Car Inspection in Ohio
The Ohio Bureau of Motor Vehicles (BMV) and Environmental Protection Agency (EPA) work together to govern the state's E-Check emissions inspection program. Learn about required emissions tests below.
New Ohio Residents
If you've moved to an Ohio county that requires emissions inspections, there are a few different options:
- You can visit the BMV first and obtain a VIN inspection before completing your emissions check at an E-Check station.
- You may purchase a voucher at a testing station in order to complete your registration without an inspection first.
- You will be reimbursed for the $18 fee once you've completed your emissions test.
- You can get your new Ohio driver's license first with your updated address.
- Take your new license along with your vehicle and current registration to get your car inspected; you will then be able to complete your registration at the BMV.
For complete details of each option, visit the BMV's new resident inspection guide.
Inspection Requirements & Exemptions
Eligible vehicles registered in the following qualifying 7 counties must undergo emissions testing every 2 years:
Eligible vehicles include all gasoline- and diesel-powered vehicles (including hybrid and flexible fuel vehicles) that are:
- 10,000 lbs. or less.
- 25 years old or newer during the testing year.
- New vehicles up to 4 years old are exempt.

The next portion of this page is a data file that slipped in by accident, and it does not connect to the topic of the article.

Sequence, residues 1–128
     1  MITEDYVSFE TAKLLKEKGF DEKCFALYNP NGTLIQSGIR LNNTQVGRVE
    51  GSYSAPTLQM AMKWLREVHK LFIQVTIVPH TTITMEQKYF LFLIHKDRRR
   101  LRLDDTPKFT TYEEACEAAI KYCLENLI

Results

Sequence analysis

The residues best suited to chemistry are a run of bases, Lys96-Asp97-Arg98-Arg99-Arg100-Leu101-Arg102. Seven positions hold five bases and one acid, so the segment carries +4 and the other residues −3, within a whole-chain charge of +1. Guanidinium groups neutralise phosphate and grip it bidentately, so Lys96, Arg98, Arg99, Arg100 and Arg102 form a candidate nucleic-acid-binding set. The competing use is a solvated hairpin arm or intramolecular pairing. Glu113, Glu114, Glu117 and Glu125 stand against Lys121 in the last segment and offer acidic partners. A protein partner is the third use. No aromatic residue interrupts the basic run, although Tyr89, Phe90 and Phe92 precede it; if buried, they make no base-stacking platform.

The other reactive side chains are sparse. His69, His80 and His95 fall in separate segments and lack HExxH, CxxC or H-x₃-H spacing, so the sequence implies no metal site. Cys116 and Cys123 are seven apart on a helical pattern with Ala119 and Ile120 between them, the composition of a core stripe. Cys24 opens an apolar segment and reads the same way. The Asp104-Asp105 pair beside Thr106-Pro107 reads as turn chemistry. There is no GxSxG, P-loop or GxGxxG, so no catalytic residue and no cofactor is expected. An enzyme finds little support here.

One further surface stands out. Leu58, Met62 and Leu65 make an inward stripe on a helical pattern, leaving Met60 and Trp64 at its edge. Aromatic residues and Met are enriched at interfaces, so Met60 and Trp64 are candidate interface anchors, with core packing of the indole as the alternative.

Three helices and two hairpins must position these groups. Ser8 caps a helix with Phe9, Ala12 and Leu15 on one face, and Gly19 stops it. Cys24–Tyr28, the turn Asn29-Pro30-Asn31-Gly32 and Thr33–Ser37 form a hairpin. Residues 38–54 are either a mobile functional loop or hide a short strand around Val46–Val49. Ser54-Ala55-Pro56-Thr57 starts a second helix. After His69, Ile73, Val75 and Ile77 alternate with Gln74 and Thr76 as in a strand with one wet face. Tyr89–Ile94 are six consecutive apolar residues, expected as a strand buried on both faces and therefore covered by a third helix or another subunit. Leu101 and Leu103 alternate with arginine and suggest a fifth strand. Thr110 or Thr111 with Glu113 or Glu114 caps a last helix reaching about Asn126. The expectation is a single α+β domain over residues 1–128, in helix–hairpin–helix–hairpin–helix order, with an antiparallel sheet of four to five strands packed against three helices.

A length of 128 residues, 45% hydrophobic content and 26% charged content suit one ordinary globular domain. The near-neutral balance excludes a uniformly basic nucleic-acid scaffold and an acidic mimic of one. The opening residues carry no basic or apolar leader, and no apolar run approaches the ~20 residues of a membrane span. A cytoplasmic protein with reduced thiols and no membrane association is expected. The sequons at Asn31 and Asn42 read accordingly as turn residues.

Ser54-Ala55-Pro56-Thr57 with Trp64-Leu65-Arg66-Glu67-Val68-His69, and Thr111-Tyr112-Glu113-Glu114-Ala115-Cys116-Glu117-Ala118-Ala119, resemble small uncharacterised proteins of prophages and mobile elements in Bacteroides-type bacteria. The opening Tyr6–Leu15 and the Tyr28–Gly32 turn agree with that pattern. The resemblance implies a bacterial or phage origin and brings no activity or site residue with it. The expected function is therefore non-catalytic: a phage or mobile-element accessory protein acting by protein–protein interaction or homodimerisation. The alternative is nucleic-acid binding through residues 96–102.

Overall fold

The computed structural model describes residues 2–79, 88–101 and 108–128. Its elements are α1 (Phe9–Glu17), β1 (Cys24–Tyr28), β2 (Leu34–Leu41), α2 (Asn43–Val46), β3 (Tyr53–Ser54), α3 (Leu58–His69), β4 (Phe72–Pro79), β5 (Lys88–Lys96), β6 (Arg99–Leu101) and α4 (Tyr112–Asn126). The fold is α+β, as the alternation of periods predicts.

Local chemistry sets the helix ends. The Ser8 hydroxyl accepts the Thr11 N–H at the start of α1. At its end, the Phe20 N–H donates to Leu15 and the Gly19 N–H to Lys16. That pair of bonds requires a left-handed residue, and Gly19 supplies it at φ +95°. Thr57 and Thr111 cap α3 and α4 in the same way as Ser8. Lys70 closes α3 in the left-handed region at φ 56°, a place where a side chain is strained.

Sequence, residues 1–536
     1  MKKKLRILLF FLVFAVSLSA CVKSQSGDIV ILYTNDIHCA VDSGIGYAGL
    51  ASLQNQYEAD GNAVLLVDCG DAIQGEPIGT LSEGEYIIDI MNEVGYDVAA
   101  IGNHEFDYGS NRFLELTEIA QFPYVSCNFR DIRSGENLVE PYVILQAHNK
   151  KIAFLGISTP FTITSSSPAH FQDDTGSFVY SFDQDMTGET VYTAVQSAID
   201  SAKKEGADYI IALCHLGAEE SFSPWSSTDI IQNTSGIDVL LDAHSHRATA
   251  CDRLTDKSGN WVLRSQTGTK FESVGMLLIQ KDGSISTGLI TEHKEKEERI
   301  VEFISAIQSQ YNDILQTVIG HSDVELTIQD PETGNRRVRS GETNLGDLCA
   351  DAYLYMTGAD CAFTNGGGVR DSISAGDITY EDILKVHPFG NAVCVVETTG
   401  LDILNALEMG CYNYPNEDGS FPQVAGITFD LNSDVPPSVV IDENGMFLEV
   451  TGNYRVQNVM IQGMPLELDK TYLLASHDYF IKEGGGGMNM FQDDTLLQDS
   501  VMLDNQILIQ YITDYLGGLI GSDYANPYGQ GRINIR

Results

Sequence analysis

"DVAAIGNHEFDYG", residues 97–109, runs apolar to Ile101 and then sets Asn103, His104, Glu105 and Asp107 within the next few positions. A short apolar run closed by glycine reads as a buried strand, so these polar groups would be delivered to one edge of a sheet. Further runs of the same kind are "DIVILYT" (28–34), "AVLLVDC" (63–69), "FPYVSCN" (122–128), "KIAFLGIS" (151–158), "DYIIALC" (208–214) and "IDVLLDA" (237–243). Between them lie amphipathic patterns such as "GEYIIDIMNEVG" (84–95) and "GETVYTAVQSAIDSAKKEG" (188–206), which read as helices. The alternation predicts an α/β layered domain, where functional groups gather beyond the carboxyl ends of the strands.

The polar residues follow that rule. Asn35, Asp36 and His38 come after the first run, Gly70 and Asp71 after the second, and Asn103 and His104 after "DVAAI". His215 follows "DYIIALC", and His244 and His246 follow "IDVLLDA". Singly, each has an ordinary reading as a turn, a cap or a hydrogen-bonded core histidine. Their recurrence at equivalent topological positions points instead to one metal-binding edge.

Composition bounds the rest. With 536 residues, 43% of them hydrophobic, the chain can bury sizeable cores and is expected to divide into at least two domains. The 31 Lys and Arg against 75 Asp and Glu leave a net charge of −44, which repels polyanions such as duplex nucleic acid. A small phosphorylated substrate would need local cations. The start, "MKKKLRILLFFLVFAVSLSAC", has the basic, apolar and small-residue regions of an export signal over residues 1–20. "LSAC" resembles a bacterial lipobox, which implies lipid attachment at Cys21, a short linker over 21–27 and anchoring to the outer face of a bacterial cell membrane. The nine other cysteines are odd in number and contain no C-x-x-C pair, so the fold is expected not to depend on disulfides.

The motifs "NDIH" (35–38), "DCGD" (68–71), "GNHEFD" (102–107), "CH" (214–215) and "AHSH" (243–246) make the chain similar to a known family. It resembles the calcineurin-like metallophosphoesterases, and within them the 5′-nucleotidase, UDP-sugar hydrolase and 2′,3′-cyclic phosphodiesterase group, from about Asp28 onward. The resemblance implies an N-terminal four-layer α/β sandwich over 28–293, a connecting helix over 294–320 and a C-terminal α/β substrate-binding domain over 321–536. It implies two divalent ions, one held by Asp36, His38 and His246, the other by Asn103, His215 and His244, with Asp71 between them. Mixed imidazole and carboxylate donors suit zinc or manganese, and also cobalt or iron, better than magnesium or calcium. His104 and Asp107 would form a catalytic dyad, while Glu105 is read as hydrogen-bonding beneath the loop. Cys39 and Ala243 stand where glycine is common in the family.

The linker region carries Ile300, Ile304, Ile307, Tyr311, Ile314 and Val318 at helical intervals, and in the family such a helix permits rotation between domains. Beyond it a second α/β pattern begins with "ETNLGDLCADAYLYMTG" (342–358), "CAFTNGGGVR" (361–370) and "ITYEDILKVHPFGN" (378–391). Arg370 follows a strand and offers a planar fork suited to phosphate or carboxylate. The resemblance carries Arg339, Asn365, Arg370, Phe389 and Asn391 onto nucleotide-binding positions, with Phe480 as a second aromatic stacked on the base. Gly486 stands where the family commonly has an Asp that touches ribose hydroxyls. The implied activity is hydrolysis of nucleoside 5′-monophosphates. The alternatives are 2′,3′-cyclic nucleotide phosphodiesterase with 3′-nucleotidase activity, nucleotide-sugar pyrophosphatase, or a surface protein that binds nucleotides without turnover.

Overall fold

Vehicles with even-numbered model years must undergo emissions testing every even-numbered year; vehicles with odd-numbered model years must undergo emissions testing every odd-numbered year.
Ohio vehicles located outside of the counties listed above are not required to undergo emissions inspections upon registration and renewal.
Within the counties listed above, vehicles that are 4 years old and newer are exempt from testing as well.
Additionally, the EPA offers the following exemption types:
- Temporary exemptions.
- Permanent exemptions.
- Vehicles permanently exempt.
- Exemptions for vehicles permanently out of state.
Continue reading for more information about these types of OH emissions test exemptions.
A temporary emissions check exemption is offered to the following drivers:
- Military members stationed outside of Ohio and their dependents.
- Students attending out-of-state schools located in non-inspection areas.
- Surviving spouses due to the death of the vehicle owner.
The EPA provides details for each exemption on its exemptions page.
For a vehicle to be eligible for permanent exemption, it must undergo 1 visual inspection by the Ohio EPA Mobile Sources field staff.
After the visual inspection, the following vehicles are considered permanent exemptions:
- Electric-powered vehicles.
- Alternative fuel vehicles powered by:
- Natural gas.
- Non-commercial vehicles that weigh over 10,000 lbs.
The vehicles below are permanently exempt from emissions tests and do not require visual inspections:
- Vehicles over 25 years old.
- Commercial vehicles that weigh over 10,000 lbs.
- Recreational vehicles.
- Motor homes.
- Historical and collector vehicles.
- Parade and exhibition vehicles.
If you are the owner of one of these vehicle types, contact your local BMV for information on your registration process. You will not need to submit an exemption certificate.
Vehicles Permanently Out of State